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  • Tree History

    Never imagined that I'd be happy with knot-infested logs.
    This is a substantial departure for me, into the real unknown!

    The career of the Italian sculptor Guiseppe Penone spans more than 40 years.
    While I don't have his philosophical motivation, I'm curious enough to want to experience a little of the process, whether I finish it well or not. Having NO CLUE, I've already learned a lot about the technical process, including finding out when and where to stop.

    There are tens of thousands of log pieces like these in harvesting debris piles everywhere. Useless as a saw log and useless to the public cutting firewood.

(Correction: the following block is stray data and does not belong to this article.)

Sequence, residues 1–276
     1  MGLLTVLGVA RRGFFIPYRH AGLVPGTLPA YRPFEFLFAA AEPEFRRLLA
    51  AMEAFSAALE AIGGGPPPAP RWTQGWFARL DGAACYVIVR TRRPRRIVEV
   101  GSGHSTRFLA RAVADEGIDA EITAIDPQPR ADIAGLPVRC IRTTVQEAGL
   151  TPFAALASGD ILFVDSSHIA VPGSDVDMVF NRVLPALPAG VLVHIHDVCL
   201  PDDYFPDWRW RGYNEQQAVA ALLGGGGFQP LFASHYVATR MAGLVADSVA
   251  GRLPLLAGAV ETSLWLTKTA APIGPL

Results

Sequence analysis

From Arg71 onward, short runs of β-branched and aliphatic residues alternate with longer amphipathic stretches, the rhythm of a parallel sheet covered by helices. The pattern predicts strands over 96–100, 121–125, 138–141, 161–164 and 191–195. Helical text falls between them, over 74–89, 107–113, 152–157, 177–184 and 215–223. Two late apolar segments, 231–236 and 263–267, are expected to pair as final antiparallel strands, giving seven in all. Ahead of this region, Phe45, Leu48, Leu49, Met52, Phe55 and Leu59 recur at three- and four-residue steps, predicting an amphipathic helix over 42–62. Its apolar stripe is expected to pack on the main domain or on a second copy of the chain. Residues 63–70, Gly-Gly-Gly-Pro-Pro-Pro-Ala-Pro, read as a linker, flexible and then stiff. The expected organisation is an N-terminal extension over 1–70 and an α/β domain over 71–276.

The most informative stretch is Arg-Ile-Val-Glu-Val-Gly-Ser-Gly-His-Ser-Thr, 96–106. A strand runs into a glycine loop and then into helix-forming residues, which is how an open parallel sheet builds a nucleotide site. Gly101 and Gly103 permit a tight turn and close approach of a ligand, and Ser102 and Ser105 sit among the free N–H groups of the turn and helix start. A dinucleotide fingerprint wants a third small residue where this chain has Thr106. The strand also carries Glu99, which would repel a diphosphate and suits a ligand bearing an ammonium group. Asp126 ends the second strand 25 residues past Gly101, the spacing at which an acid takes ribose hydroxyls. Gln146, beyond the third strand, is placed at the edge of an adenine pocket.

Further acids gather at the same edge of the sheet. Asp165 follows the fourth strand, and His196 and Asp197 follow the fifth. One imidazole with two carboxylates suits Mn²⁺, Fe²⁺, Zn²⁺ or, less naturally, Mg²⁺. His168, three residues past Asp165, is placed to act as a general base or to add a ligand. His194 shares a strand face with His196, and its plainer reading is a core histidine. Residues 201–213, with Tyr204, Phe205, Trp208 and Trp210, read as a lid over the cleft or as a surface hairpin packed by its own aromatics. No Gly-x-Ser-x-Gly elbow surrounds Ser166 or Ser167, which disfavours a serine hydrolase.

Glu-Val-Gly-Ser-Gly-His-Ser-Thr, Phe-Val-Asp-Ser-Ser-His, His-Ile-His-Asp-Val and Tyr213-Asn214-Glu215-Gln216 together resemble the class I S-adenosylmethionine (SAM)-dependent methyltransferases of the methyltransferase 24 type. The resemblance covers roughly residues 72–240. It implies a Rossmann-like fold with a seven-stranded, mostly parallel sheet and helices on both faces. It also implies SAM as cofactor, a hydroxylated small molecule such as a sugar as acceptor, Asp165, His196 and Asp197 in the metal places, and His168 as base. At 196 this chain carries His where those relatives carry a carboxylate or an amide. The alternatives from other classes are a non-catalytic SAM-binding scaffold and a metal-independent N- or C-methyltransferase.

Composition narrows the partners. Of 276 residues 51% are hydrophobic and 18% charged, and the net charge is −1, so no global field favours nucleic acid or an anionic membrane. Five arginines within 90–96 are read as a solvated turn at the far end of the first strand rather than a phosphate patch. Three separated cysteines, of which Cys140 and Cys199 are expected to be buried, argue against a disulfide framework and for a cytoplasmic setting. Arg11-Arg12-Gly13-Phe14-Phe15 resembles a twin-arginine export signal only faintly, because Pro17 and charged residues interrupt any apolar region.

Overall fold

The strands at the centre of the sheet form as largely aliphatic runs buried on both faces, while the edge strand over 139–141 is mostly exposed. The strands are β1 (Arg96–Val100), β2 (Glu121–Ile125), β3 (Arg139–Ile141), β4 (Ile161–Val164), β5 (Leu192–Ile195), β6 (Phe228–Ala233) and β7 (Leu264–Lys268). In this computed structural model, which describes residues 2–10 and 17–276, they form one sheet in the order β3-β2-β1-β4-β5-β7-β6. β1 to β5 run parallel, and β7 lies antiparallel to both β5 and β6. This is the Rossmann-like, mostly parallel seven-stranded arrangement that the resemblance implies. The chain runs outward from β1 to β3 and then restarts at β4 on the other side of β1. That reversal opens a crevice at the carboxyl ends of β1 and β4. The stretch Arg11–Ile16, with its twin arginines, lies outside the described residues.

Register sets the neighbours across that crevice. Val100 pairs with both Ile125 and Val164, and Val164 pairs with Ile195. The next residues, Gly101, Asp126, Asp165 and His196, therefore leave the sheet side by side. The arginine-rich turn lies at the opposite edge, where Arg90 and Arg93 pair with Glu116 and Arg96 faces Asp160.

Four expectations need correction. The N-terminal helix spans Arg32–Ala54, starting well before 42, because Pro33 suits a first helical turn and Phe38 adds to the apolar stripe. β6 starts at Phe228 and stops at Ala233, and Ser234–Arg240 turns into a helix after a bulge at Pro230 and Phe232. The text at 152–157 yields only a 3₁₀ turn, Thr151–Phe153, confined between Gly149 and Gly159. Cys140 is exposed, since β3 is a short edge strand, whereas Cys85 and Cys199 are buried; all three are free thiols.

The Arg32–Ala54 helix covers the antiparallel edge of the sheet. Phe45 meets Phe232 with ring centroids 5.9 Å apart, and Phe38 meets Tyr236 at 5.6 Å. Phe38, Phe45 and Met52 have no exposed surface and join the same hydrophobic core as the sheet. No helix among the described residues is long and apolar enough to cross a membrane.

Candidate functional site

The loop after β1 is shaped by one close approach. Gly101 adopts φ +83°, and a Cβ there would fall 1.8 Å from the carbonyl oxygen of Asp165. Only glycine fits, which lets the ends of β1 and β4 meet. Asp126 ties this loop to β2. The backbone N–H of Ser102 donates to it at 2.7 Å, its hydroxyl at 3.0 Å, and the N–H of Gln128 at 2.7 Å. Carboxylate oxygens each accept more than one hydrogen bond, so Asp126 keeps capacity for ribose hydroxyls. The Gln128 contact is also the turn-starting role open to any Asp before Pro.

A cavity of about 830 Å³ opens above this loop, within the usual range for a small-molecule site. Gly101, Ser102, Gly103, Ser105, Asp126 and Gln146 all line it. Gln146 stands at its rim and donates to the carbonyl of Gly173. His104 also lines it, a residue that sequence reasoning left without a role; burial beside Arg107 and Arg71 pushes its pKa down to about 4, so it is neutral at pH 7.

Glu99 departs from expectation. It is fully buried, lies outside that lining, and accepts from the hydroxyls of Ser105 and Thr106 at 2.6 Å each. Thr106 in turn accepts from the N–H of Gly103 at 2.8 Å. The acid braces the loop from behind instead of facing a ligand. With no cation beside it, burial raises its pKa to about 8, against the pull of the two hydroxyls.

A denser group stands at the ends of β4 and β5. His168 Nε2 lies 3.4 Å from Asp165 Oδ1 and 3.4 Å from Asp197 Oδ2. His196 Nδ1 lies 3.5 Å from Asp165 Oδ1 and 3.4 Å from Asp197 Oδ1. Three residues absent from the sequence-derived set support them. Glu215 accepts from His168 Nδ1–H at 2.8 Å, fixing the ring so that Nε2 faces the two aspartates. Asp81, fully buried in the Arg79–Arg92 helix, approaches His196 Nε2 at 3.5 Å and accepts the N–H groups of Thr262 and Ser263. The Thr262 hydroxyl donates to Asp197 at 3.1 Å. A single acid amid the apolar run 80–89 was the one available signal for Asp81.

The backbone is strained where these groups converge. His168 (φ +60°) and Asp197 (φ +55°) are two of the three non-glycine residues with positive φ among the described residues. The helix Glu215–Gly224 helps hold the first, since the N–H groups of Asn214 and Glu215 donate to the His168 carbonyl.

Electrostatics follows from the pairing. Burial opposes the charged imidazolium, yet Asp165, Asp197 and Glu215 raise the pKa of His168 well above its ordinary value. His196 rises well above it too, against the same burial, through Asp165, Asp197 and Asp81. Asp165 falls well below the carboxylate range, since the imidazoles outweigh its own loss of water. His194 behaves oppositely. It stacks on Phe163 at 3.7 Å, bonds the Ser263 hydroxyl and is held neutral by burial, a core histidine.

The first log is a filthy dirty pine (Pinus contorta) log with lots of oozing, dripping pitch pockets. 6" tapers 67" to 4". I'm into it more than 1" in places. I decided to carve it in the round but leave some of the original log surface at each end.

    The second log is (probably) Hemlock (Tsuga heterophylla), a signature species with western red cedar for this biogeoclimatic zone. With more branches on one side, I'll carve that half and leave the mechanically smashed up half for the back. I've snapped some blue chalk lines with the plan to cut maybe 2" down into the log to begin with. From 7" it tapers 68" to 6"
    Just brought it in after days of rain and snow, will let it dry off a bit
    Brian T
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